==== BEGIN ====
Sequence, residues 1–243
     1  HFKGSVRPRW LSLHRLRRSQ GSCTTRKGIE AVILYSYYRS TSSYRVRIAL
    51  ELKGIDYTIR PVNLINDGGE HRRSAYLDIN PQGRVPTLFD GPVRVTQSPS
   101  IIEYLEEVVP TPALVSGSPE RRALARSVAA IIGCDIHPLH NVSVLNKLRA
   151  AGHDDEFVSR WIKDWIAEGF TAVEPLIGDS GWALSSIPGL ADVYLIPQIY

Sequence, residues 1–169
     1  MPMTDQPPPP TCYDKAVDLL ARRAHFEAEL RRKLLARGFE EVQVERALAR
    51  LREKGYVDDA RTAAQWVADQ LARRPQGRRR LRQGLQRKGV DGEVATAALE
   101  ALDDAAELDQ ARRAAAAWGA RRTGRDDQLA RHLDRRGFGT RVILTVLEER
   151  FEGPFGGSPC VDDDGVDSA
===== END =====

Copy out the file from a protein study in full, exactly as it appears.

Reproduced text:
Sequence, residues 1–243
     1  HFKGSVRPRW LSLHRLRRSQ GSCTTRKGIE AVILYSYYRS TSSYRVRIAL
    51  ELKGIDYTIR PVNLINDGGE HRRSAYLDIN PQGRVPTLFD GPVRVTQSPS
   101  IIEYLEEVVP TPALVSGSPE RRALARSVAA IIGCDIHPLH NVSVLNKLRA
   151  AGHDDEFVSR WIKDWIAEGF TAVEPLIGDS GWALSSIPGL ADVYLIPQIY

Sequence, residues 1–169
     1  MPMTDQPPPP TCYDKAVDLL ARRAHFEAEL RRKLLARGFE EVQVERALAR
    51  LREKGYVDDA RTAAQWVADQ LARRPQGRRR LRQGLQRKGV DGEVATAALE
   101  ALDDAAELDQ ARRAAAAWGA RRTGRDDQLA RHLDRRGFGT RVILTVLEER
   151  FEGPFGGSPC VDDDGVDSA